“A restored Portuguese church and former consulate in a fascinating Unesco-listed town, with retro rooms, an excellent restaurant and beaches nearby”
While the common areas in the church and consulate have a soaring, airy quality, the 13 individually designed rooms and suites feel cosier. Two-toned walls with half-height wainscoting stack muted greys and tans under rich Moroccan greens, pomegranates and deep maroons, and hand-woven rugs cover planked or tiled floors. The double or twin wrought-iron beds (some four-poster) have crisp white sheets topped with embroidered covers, and Moroccan arches and shuttered windows make you feel as if you've stepped into another age. Appropriately, there are no TVs, radios or DVD players, although you do get free WiFi, air-conditioning and hairdryers.
The 4 rooms and 1 suite in the consulate have an Art Deco feel, with dark-wood dressers and carved armoires; the church's 6 rooms and 2 suites are furnished with sleek mid-century desks and armchairs. Most are spacious (Superior Luxes are a little bigger than Superiors), and the Suite has a large sitting area. Top of the range are the Suite Luxes, one of which comes with 2 single sofabeds that are ideal for children. If you want the best views, opt for a Superior Luxe or Suite Luxe, which have nicer outlooks than the Superiors and Suite. My room, on the top floor of the consulate, had a wonderful vista of the fortress and harbour from the bedroom and bathroom.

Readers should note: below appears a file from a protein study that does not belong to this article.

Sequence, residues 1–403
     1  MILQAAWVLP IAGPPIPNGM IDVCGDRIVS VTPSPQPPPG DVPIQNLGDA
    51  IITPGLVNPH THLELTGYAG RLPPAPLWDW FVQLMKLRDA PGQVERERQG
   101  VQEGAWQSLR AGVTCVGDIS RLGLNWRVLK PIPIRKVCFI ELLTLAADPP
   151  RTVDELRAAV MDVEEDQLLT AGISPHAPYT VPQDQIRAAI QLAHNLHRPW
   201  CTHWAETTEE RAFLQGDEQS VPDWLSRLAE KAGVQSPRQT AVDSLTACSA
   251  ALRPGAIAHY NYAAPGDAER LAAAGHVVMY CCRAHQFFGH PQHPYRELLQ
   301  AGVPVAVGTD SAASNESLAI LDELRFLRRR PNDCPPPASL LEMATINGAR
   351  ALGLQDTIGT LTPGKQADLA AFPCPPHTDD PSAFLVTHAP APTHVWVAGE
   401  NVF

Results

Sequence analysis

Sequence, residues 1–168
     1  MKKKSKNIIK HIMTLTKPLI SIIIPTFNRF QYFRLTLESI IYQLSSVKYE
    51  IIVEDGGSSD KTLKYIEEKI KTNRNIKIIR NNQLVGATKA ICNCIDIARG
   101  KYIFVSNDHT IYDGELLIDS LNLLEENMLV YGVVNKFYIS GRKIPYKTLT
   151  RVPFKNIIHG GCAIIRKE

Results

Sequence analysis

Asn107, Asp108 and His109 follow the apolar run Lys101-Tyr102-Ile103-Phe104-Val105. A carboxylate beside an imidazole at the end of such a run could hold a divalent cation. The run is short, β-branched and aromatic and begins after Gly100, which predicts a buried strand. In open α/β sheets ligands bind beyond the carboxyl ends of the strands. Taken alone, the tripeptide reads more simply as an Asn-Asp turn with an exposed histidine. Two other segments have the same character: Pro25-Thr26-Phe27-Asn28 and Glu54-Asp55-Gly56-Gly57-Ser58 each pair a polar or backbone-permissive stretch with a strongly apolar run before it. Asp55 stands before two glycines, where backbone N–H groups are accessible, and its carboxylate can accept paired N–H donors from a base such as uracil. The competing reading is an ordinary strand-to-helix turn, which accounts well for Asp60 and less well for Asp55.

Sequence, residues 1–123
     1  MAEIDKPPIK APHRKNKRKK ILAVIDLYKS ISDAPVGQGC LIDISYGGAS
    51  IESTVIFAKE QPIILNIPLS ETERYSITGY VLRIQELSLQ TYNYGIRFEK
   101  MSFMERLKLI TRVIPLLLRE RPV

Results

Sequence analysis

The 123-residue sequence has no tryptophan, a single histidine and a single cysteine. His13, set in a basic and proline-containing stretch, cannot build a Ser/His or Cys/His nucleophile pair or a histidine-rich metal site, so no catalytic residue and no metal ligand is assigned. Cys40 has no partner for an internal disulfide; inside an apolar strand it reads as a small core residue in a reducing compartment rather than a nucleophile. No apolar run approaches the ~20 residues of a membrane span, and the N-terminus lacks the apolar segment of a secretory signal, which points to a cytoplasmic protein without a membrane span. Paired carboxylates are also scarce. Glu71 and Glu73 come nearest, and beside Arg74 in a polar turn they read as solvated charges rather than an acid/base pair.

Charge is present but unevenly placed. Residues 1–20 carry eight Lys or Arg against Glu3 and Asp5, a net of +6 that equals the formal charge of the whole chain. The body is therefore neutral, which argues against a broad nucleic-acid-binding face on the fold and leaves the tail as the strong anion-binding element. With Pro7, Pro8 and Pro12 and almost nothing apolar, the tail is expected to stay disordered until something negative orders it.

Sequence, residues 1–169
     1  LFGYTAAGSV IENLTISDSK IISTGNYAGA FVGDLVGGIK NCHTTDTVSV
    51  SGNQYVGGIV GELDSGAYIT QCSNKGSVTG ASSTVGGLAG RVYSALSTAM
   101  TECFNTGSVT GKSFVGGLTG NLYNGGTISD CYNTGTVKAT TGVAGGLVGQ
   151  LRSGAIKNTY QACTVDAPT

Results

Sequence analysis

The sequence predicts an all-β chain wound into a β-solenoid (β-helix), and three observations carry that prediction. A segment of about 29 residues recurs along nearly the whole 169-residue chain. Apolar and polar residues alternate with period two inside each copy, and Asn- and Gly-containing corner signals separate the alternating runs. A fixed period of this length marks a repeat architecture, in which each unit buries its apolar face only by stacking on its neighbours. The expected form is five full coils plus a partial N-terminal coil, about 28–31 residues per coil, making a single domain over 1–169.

Bathrooms in all rooms are large, with tiled walls and floors, pedestal sinks and glass shower cubicles with rain heads. One of the Suite Luxes has a freestanding claw-foot tub, too.
A light yet tasty breakfast of yoghurt, crêpes, toast, jams, juice and coffee is served from 7:30 to 10am. You can eat in the consulate's restaurant, La Terrasse de L'Iglesia, on the patio outside, or in the cloister of the church.
The restaurant is then open for lunch (until 3pm) and dinner (until 9.30pm). It has 2 rooms, one with a black-and-white tiled floor, pomegranate walls and tulip chairs tucked under wrought-iron tables, the other a cosier space set behind a stone arch. Menus change daily, so check the chalkboard for Moroccan and French dishes such as aubergine tapenade, seafood, spicy vegetable stew and meaty tagines served in distinctive cone-shaped pots, along with a well-chosen list of wines. The salmon was excellent and I liked the Caesar salad (made with roasted tomatoes, shredded Parmesan and sardines) so much that I ordered it twice. For dessert, I splurged on crêpes wrapped around a decadent chocolate filling and topped with slivered almonds, before lingering over a silver pot of Moroccan mint tea.
Daytime snacks are available at Jean Dominque’s tea room, Café Do Mar, which is set between the church and consulate. Its roof terrace has sweeping views, and there’s a range of teas, coffees, smoothies, fresh juices, crêpes and ice creams to choose from. Guests can also order cocktails and aperitifs on the consulate’s roof terrace or in the church cloister, where music is played each evening from 7pm.
The stone steps and peaceful atmosphere at the hotel mean it isn’t ideal for young children. That said, all ages are welcome. All rooms can accommodate a baby cot, and one Suite Luxe has 2 single sofabeds which can be made up on request (all free of charge). The restaurant also offers a kids’ menu, and there are kids’ clubs and activities at the Mazagan Beach and Golf Resort (a 5-minute taxi ride away).
Children (4-12 years)
Cots Available, Family Rooms
Can be arranged on request.